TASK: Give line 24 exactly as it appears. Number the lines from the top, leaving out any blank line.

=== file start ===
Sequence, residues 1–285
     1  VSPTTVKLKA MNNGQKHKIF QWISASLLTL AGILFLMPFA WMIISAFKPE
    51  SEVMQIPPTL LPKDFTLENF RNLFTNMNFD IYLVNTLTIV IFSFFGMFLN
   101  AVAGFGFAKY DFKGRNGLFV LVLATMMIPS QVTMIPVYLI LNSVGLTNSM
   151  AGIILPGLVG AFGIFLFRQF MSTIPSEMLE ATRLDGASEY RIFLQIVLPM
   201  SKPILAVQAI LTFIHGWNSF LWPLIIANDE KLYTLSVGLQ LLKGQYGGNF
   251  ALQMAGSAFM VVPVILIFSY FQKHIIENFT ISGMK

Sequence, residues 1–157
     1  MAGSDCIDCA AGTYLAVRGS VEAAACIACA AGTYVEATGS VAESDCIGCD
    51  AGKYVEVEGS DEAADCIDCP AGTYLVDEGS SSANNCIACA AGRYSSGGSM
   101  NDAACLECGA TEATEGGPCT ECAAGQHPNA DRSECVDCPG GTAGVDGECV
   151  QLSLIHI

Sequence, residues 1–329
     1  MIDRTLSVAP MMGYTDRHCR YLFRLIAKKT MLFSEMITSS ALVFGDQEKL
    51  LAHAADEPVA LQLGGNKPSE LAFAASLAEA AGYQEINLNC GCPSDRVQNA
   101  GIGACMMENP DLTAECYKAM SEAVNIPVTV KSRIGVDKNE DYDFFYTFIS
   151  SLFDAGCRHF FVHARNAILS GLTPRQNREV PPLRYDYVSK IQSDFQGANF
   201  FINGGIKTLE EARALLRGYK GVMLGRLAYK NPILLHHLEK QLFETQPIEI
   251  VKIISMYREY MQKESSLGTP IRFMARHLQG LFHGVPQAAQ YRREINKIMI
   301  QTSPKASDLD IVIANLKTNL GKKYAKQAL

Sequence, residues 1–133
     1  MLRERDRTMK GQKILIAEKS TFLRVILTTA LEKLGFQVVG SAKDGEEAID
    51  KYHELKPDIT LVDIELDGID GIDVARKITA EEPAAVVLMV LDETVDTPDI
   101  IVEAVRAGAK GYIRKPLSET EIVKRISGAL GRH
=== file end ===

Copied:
   101  IVEAVRAGAK GYIRKPLSET EIVKRISGAL GRH